Old problem, new ideas

I am
running a bit behind on posting things as a combination of holiday preparation,
staying up to date on Springwatch, and keeping on top of life in general has
taken over my free time. However, I just
wanted to write a little bit about last week’s fantastic meeting. A number of new ideas were put forward, and
it was also a good reminder to follow up on previous activities.  For me, that means keeping the pressure on
Clean for the Queen regarding the professional cleaning of the Chippenham Grot
Spot
, and Beverly is going to follow up with the green footprints to see if we
can refresh this simple intervention.

One of
the themes that emerged was to ensure that businesses played a role in cleaning
up.  By law, they are supposed to keep
within 100 meters of their premises clean, and you can imagine that if all
stores did this on a daily basis, streets would stay much cleaner.  We are going to investigate whether an
American-style “street adoption” would encourage businesses to look after
particular areas, much as is already done with some roundabouts.

However,
there is also recognition that cleaning is not the only answer.  It must be part of a complete programme that
involves prevention.  I would love to see
the stores that sell the products that turn into litter—Tesco, Sainsbury’s,
fast food places, petrol stations—be willing to put up fun, eye-catching posters
and take a clear stance in directing their consumers towards better behaviour so sights like this can be prevented.

image

With another
opportunity to get businesses involved, Rob is looking into whether we adopt a
programme that has had great success across Bristol.  You may have read about Refill Bristol in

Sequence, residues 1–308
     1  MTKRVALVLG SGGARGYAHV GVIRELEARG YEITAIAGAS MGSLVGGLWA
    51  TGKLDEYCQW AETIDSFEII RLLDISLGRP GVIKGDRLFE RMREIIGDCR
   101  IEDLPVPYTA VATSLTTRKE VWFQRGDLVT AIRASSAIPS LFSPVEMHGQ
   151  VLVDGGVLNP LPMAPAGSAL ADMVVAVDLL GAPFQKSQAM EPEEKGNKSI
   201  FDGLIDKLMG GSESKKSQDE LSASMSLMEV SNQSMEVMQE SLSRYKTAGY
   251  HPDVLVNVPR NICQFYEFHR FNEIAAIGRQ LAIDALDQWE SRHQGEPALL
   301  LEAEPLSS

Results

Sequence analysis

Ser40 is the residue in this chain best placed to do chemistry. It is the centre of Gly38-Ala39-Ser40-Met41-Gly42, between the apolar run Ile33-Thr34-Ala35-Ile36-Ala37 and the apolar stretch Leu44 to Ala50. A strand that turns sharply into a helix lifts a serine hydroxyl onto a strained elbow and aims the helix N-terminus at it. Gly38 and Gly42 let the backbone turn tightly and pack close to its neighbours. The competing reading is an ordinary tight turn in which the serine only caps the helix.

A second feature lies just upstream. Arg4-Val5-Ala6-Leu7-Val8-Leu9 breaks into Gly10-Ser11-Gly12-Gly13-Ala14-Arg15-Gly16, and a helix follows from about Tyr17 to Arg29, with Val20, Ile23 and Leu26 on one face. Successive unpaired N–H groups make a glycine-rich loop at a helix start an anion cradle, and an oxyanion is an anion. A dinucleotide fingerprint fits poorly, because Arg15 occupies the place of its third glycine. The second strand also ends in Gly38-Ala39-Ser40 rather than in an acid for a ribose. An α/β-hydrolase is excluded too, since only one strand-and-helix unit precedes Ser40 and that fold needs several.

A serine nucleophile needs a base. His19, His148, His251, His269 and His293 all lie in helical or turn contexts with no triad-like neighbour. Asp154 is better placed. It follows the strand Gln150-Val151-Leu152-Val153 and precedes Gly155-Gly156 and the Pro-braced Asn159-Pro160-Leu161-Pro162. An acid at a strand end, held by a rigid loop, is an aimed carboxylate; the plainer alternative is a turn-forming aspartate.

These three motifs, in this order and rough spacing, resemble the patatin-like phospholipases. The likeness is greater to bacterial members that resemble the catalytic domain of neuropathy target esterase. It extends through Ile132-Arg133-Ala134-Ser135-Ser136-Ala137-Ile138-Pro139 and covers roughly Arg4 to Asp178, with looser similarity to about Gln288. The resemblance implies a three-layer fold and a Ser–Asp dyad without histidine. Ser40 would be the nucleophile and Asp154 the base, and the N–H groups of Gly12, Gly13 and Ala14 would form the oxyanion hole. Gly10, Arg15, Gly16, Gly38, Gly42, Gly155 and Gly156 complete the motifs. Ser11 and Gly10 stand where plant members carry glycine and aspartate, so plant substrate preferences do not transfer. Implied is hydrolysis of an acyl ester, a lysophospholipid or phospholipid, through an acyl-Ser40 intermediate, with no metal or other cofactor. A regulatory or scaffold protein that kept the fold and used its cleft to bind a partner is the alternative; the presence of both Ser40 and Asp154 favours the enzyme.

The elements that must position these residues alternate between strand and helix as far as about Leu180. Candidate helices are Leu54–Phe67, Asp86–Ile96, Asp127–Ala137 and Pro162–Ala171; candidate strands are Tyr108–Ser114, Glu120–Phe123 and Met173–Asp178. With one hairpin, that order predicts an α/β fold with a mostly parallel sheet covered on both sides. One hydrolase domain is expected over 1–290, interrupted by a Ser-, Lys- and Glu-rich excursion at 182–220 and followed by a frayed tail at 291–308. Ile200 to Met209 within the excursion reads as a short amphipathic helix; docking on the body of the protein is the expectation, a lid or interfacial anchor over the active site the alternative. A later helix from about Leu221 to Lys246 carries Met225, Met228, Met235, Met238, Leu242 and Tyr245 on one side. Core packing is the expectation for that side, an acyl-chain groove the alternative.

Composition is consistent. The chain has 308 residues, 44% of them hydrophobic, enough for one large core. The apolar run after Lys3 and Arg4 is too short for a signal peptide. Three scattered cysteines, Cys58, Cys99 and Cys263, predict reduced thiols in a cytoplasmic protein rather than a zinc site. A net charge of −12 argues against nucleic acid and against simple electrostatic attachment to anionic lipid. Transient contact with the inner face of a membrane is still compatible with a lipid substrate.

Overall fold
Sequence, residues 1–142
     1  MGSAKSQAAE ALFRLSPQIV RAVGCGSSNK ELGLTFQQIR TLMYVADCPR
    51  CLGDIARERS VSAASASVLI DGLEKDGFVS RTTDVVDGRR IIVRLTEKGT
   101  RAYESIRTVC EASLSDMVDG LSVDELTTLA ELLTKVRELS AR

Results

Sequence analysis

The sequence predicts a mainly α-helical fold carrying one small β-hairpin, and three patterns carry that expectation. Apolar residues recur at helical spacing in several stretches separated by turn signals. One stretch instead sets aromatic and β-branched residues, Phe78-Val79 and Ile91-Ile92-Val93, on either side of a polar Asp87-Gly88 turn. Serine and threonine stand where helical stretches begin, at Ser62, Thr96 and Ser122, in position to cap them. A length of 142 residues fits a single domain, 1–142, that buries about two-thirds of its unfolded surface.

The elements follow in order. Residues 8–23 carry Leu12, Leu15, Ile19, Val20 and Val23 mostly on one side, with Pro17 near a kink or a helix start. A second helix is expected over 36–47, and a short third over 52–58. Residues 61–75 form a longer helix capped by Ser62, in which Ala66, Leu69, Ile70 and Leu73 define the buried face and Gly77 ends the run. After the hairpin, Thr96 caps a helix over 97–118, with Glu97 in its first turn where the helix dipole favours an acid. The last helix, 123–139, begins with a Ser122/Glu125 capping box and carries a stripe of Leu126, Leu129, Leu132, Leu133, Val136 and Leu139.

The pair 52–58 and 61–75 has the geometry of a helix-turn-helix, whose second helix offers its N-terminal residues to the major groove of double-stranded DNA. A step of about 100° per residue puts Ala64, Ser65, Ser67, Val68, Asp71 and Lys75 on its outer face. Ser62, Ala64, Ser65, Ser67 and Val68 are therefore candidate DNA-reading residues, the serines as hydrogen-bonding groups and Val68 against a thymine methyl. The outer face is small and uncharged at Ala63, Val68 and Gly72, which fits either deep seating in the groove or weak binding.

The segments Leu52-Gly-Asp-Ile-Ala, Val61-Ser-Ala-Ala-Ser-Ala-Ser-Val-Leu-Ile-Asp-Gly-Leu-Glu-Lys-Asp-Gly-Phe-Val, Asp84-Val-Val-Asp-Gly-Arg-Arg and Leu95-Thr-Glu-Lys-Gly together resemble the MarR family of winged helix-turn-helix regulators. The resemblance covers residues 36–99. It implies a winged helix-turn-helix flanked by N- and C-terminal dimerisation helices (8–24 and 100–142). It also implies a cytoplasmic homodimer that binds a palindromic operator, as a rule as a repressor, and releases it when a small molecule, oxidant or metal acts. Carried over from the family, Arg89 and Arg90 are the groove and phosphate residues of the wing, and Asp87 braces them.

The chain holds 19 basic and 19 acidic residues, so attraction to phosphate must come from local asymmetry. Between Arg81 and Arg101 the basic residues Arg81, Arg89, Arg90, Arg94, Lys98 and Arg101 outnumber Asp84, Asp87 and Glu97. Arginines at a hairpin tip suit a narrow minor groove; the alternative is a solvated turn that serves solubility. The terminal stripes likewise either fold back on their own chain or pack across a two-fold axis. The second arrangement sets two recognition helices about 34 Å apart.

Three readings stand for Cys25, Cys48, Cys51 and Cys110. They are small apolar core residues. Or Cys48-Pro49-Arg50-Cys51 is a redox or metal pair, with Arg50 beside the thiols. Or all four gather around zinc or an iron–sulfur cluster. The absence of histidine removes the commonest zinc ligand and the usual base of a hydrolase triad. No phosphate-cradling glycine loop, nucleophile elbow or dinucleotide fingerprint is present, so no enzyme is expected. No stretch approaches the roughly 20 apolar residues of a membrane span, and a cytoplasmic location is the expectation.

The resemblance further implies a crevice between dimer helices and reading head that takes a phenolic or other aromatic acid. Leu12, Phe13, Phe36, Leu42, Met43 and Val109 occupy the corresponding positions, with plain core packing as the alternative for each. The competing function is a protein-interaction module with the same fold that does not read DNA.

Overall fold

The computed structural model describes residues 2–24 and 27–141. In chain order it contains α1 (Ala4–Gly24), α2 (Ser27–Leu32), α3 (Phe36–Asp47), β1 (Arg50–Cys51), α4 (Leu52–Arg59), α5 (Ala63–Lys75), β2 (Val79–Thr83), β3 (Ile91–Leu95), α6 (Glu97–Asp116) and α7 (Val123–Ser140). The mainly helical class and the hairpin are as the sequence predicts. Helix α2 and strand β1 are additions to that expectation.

this month’s Wessex Water magazine, and it is a very simple idea to cut down on
plastic waste: cafes and restaurants refill water bottles with tap water for
free.  So perhaps we can have Refill
Chippenham sometime in the not-so distant future?

This got
us thinking about how we could encourage businesses to change some of their
wasteful ways.  Looking again to Bristol,
they have a Good Bristol guide of shops that do their bit for the environment.  Why not do something similar to highlight the
positive steps that are being taken: coffee shops that give discounts when you
re-use a cup, stores that stock local produce, and, of course, shops that keep
their premises tidy.  What other criteria
would you find useful?  Please get in
touch!
 

Something
else that we have been meaning to do for a while is map the bins in Chippenham.
We are working out how you can help us do this through Google maps, so please
stay tuned for more information.  We are
also still trying to get into schools and children’s groups to provide
interactive sessions; please let us know if you have a scout or youth group we
could work with.  And finally, if you have any other thoughts, or would like to get involved, please just drop us a line.

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